NME Recommends: the best protest songs of the past 10 years

From Muna and Jay-Z to Janelle Monáe and Kendrick Lamar

Music has always been used as a way to protest. Rage Against the Machine rallied against institutional racism and police brutality on ‘Killing in the Name’, Radiohead contemplated the climate crisis in ‘Idioteque’ and Bob Dylan protested the Vietnam war (and war in general) on ‘Masters of War’.

More recently, artists like Childish Gambino, Kendrick Lamar, Beyoncé, The 1975 and M.I.A. have provided powerful political anthems, rallying a new generation of young activists and protestors.

Here NME writers go deep on the best protest songs of the past ten years – from Muna and Jay-Z to Janelle Monáe and Kendrick Lamar.

Sleaford Mods

‘B.H.S’ (2017)

The story of former British Home Stores boss Phillip Green neglecting thousands of his own employees, leaving their pension plan to decay while he collected hundreds of millions from the business (he agreed to pay £363m into the pension fund in 2017), is the story of the one percent running roughshod over us normies. It’s Prince Andrew; it’s tax-dodging corporate monoliths; it’s Dominic Cummings on the road to Barnard Castle. This rattling tune sees Nottingham duo Sleaford Mods beautifully skewer Green, greased up and decked out on his superyacht – pathetic, apathetic and adrift from reality: “Laying on a boat, mate – look at you.” Pitiful. Who’d wanna trade places with this selfish slob?
Jordan Bassett

Listen: Spotify | Apple Music


‘I Know A Place’ (2016)

‘I Know A Place’ has a bittersweet backdrop – it’s both a celebration of the LGBT+ community, and a painful reminder that many of us don’t always feel entirely safe. Written after the Supreme Court ruled in favour of legalising gay marriage in the States, it’s a gentle call to let go of shame, and embrace love. “It’s hard to love with a heart that’s hurting,” Katie Gavin sings, “but if you want to go out dancing, I know a place”. Though the song was written before the Orlando shootings, it took on a new, darker significance after 49 people were killed by a mass-shooter at gay club Pulse in 2016 – the deadliest attack against LGBT+ people in American history.

One Halloween I went to see MUNA play at Heaven – one of London’s best known queer venues – and gave myself a sore throat from howling along to this song, in a crowd of fans largely wrapped in pride flags and daubed with glitter. On the way home some dickhead made a homophobic comment as me and my mates crossed over Millennium Bridge – and a profoundly unimaginative comment at that. It jarred – the bubble burst. And for me, that’s the point of ‘I Know A Place’ – the enormous progress that still needs to be made can somehow feel too huge and unsurmountable. But these little utopias we create along the way help, at least a little bit.
El Hunt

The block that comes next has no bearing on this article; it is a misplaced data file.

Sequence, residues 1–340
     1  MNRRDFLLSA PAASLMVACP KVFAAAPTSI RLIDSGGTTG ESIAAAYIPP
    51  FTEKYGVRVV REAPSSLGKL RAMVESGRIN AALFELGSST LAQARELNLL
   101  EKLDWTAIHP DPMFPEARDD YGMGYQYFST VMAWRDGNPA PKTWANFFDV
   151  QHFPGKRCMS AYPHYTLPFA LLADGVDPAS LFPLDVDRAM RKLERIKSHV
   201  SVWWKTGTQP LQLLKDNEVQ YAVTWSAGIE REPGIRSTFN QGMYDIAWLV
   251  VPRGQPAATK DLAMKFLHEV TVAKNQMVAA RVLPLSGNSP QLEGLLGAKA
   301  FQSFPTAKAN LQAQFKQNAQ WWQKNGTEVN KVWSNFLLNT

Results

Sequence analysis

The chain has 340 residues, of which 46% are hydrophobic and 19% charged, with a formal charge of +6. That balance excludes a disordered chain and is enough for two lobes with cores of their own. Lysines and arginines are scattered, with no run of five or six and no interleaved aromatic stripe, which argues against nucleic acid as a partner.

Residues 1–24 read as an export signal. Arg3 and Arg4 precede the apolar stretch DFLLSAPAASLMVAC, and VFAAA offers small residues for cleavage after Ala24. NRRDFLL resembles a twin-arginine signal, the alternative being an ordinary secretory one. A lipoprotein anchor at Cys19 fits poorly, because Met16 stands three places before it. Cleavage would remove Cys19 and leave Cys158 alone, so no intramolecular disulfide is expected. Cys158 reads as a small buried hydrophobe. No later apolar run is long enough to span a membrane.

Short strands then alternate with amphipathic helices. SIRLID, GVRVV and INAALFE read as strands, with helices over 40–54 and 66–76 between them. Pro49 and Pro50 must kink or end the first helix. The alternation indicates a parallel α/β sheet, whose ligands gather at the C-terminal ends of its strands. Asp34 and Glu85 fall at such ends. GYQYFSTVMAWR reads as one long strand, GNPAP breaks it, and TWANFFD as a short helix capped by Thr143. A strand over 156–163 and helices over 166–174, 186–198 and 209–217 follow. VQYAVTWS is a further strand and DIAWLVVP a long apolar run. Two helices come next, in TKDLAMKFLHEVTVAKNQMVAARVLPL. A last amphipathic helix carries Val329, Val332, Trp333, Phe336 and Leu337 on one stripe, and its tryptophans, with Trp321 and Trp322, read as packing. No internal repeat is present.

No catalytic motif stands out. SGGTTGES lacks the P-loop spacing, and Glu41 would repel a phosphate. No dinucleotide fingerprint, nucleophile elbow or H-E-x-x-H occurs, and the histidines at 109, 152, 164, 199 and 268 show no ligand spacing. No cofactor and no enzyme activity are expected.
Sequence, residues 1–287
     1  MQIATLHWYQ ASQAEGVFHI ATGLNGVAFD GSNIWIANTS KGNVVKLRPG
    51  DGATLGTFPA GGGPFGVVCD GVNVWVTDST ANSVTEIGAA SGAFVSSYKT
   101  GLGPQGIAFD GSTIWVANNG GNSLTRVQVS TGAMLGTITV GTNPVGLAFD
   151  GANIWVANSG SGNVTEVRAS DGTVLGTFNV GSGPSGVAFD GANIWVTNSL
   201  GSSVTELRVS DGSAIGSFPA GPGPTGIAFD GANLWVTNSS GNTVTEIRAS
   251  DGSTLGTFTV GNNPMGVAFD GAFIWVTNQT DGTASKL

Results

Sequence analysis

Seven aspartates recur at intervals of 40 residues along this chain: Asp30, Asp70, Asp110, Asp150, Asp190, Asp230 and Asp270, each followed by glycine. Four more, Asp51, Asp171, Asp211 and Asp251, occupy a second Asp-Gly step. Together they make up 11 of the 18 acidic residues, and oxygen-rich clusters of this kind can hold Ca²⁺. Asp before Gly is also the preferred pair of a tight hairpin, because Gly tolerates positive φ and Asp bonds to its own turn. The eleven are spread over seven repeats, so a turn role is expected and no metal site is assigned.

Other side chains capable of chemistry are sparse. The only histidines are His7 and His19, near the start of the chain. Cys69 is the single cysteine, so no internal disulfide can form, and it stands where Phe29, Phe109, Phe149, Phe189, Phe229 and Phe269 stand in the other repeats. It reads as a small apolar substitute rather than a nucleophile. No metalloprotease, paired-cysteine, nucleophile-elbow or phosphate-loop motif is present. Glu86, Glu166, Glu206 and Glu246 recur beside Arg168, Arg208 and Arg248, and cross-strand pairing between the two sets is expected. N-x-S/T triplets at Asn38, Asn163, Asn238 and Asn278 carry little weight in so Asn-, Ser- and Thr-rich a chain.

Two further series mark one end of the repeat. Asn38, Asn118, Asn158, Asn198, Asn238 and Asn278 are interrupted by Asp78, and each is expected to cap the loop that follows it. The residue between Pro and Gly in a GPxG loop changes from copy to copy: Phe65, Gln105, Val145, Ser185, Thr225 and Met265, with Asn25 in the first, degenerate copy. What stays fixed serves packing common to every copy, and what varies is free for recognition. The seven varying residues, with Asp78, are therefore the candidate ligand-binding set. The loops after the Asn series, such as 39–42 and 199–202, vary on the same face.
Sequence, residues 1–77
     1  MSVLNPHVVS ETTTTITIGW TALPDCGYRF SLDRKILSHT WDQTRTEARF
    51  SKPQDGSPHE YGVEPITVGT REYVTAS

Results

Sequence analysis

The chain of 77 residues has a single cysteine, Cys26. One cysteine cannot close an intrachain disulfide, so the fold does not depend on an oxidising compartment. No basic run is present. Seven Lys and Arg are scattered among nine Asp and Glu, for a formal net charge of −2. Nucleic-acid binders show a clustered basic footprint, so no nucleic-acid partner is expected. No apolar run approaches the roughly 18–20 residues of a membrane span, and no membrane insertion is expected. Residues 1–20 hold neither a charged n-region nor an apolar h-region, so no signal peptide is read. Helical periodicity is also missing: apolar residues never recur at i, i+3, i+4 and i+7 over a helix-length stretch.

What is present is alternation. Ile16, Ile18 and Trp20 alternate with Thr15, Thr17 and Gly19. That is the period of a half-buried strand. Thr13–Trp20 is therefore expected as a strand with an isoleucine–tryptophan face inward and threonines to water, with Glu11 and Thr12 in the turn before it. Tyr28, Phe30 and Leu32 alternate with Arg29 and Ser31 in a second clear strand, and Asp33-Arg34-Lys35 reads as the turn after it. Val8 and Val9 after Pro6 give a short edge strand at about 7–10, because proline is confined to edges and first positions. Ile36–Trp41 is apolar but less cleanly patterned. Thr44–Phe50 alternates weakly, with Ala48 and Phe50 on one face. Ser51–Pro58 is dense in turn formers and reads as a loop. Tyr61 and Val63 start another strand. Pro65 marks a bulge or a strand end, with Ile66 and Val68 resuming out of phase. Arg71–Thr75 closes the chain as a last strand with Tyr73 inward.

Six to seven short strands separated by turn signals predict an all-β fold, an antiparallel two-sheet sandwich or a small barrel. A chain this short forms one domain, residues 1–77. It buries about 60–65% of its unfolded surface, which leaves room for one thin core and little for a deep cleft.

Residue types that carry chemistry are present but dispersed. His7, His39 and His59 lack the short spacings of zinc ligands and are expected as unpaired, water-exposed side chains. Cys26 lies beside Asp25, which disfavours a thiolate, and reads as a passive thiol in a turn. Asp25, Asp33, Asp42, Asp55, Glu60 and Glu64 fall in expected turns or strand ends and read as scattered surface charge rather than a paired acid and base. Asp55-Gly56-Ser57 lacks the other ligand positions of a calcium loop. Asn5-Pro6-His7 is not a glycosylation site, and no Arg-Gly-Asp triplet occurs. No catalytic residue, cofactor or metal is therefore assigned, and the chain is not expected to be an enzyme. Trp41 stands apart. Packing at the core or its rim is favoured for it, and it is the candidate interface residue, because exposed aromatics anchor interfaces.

Listen: Spotify | Apple Music

Janelle Monáe and Wondaland Records

‘Hell You Talmbout’

A powerful gospel protest chant from Monáe and the Wondaland artist collective, recorded in 2015 but prescient today and forever more. Simple and effective, it’s just a pummelling drum beat backing a tribute to the African-American people who have lost their lives to police brutality and racial injustice. It was covered by David Byrne on his American Utopia tour, and can be heard at Black Lives Matter protests around the world – tragically with more names added each time. Say their names.
Andrew Trendell

Listen: YouTube

Kendrick Lamar

‘Alright’ (2015)

In 1971, Marvin Gaye asked ‘What’s Going On?’ Disillusioned by the Vietnam War and police brutality on the streets, he saw the world crumbling around him, but was only left with confusion and weariness on the title-track to his soulful masterpiece. Unrest continues on the streets, and in 2015 no-one was better placed to encapsulate the emotions than Compton’s finest, Kendrick Lamar. Buried in his jazzy second album, ‘To Pimp A Butterfly’, this sharp hip-pop moment exudes endurance and hope in the chantable chorus – soon to become a staple at Black Lives Matter protests years after its release. Gaye had questions, but, perhaps, Kendrick might have some answers.
Thomas Smith

Listen: Spotify | Apple Music


‘The Story of O.J.’ (2017)

When 4.44 arrived in 2017, ‘The Story of O.J.’ was the track that proved Jay-Z’s voice was still as relevant as ever. Addressing racism and stereotypes, it saw Jay cleverly skewering O.J. Simpson’s apparent belief that his wealth far transcended his race – “I’m not black, I’m O.J”, he once claimed. But within seconds, Jay-Z tears down the concept: “O.J. like, ‘I’m not black, I’m O.J.’ …OK”, he calls out to Simpson. It’s also accompanied by the most powerful video of 2017 too – calling out racist stereotypes previously employed by major movie hitters including Disney & Warner Bros.
Nick Reilly

Listen: Spotify | Apple Music


‘Flawless (feat. Chimamanda Ngozi Adichie)’

Taken from Beyoncé game-changing fifth album, ‘Flawless’ is a powerful feminist anthem. The trap-laced song samples a speech by Nigerian writer Chimamanda Ngozi Adichie called “We Should All Be Feminists”, putting her mighty words front and centre and pushing them into the mainstream. “We teach girls to shrink themselves, to make themselves smaller” Adichie begins, later stating “We raise girls to see each other as competitors/Not for jobs or for accomplishments, which I think can be a good thing/But for the attention of men” before finishing, “Feminist: a person who believes in the social, political/And economic equality of the sexes”. It’s a bold statement – and a rallying cry for womxn everywhere.

Hannah Mylrea

Listen: Spotify | Apple Music